While it is unclear whether this figure represents a distinct rise or fall in the number of American Jews living in the occupied West Bank, the number of West Bank settlers has risen from 110,000 to around 400,000 since the Oslo Peace Accords were signed in 1993, a 264% increase.
New research has revealed that 15 percent of the total Jewish settler population in the occupied West Bank are American nationals.
In a presentation to promote a forthcoming book, Oxford University scholar Sara Yael Hirschhorn revealed that approximately 60,000 Americans Jews live in Jewish outposts out of a total population of approximately 400,000 settlers in occupied territory, excluding East Jerusalem. The figure for the number of American nationals living in the West Bank was previously unknown.
“This provides hard evidence that this constituency is strikingly over-represented, both within the settler population itself and within the total population of Jewish American immigrants in Israel,” she said at the Limmud conference in Jerusalem, reported Israeli daily newspaper Haaretz.
While it is unclear whether this figure represents a distinct rise or fall in the number of American Jews living in the occupied West Bank, due to a lack of statistics, the number of West Bank settlers has risen from 110,000 to around 400,000 since the Oslo Peace Accords were signed in 1993, a 264% increase.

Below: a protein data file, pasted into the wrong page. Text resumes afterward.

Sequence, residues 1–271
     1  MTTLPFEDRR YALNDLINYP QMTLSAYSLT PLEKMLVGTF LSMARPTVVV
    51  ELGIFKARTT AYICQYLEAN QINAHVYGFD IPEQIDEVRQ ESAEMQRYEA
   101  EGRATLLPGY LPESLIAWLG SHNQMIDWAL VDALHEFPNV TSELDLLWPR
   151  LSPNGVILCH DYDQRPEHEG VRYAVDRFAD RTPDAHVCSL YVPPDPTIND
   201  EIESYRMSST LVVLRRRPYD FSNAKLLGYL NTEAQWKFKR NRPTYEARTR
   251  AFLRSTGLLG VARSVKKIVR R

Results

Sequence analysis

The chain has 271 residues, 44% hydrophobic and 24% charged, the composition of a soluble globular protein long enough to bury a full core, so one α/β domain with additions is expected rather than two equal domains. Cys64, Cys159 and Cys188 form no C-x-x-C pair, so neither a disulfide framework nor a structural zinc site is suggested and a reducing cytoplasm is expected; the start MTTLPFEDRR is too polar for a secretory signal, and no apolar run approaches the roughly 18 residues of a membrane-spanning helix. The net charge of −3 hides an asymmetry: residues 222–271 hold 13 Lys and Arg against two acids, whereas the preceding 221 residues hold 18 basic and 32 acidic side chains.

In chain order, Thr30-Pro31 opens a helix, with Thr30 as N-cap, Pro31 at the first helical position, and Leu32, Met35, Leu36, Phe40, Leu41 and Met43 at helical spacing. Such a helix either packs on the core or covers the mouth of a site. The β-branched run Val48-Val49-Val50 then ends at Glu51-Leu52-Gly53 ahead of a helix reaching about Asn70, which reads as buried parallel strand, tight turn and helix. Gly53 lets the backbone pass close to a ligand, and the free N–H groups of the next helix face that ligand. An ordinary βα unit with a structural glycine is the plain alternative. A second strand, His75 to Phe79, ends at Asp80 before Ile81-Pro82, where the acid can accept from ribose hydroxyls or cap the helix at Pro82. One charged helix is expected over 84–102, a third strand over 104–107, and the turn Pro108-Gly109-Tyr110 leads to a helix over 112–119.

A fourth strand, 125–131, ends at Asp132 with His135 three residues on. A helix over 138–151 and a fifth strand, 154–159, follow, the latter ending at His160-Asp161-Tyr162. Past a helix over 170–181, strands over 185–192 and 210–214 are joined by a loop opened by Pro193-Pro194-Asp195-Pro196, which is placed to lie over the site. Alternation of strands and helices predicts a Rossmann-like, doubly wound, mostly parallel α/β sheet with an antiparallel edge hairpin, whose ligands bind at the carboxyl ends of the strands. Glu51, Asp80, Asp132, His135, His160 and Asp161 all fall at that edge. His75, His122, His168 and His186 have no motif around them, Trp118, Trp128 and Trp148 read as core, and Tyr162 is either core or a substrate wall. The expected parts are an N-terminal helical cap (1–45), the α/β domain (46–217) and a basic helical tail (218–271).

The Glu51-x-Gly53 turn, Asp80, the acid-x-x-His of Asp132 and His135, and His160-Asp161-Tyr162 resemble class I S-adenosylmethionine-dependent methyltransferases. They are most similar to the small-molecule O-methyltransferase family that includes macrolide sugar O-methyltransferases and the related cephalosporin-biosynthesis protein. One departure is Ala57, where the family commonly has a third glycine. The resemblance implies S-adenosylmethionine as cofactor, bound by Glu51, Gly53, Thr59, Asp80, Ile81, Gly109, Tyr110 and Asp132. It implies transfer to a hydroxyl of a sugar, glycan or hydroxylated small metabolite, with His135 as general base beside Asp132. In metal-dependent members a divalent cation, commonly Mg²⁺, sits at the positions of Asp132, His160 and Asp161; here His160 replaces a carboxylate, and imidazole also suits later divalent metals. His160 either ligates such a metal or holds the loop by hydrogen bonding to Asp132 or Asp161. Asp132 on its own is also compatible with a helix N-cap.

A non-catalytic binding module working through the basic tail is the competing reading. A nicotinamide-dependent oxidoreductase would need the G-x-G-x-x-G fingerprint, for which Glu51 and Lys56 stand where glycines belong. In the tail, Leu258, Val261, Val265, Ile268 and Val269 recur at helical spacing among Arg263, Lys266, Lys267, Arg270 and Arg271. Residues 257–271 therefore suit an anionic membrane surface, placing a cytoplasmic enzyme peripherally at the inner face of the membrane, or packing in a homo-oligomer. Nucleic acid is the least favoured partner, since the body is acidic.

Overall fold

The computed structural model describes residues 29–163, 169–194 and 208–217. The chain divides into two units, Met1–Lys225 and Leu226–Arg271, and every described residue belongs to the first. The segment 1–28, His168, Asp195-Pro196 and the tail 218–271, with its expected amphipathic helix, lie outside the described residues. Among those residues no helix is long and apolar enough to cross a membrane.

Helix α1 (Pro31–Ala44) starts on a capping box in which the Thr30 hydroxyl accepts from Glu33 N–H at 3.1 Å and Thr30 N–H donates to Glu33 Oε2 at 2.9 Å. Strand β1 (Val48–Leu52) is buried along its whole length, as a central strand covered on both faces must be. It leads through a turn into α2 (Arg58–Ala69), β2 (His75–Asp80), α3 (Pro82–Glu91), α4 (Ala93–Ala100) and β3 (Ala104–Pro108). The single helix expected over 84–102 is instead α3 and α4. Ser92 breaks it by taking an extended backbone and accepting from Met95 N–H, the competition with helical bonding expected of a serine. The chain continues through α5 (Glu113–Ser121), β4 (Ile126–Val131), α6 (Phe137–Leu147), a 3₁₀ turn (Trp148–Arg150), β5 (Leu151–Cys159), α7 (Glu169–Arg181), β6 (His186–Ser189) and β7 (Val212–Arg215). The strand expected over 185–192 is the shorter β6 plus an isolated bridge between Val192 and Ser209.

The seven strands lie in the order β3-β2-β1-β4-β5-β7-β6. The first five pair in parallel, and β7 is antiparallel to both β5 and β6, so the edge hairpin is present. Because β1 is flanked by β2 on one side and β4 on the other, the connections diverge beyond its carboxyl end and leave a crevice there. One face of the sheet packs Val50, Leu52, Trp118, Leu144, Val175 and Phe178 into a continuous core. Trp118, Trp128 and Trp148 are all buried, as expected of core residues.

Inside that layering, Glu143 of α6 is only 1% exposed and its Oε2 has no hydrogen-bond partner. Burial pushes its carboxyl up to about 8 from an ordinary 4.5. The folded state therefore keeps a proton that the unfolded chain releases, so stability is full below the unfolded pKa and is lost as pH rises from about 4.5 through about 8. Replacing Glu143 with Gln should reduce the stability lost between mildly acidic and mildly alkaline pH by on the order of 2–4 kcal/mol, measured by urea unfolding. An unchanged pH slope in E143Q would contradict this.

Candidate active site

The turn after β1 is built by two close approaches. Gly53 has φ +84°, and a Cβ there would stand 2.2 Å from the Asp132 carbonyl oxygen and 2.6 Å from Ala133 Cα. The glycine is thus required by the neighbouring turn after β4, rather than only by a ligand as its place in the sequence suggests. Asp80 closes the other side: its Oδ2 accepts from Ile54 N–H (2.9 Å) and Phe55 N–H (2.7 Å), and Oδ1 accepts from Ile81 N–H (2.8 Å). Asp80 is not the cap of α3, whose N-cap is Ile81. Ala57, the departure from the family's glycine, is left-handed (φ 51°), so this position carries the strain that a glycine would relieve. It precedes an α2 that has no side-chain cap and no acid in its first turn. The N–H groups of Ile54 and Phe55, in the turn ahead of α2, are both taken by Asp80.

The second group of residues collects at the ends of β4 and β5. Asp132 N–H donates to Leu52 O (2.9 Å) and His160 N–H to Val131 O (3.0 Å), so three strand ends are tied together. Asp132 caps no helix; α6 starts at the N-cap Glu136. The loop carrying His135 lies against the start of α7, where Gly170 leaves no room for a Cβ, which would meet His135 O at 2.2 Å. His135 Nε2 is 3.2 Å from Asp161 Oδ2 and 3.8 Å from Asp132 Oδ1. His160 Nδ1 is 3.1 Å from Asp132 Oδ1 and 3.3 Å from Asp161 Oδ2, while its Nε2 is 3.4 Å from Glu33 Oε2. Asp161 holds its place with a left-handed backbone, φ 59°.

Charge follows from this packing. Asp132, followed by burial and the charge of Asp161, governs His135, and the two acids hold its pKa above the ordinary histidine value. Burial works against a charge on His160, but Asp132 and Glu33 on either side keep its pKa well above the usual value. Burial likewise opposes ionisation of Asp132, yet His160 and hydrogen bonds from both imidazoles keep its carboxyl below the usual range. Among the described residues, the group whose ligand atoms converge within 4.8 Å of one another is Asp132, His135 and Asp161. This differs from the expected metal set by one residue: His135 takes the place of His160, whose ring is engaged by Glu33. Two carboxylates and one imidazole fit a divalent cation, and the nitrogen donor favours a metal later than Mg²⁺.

Israeli settlement watchdog Peace Now said that the new figures revealed that the settlement enterprise in the West Bank was not only an internal issue but “an international problem.”
“Unfortunately, while the Obama administration has been persistently vocal against settlement developments, some 60,000 American citizens are taking an active part in an attempt to make the two state solution impossible,” says Anat Ben Nun, Peace Now’s director of development and external relations.
“With no possibility for real bilateral negotiations in sight, the American administration must be actively involved in promoting a solution to the Israeli Palestinian conflict through the international arena,” she adds.
A section of American Christians, both conservative and fundamentalist, hold close links to Israel’s settlement enterprise, with a number of American Christian charities shown to bebank-rolling the expansion of West Bank settlements. Right-wing Christians in America and Israeli settlers have similar interpretations of biblical history—in 2006, the evangelical Rev. John Hagee of San Antonio said that American Christian support for Israel was “God’s foreign policy.”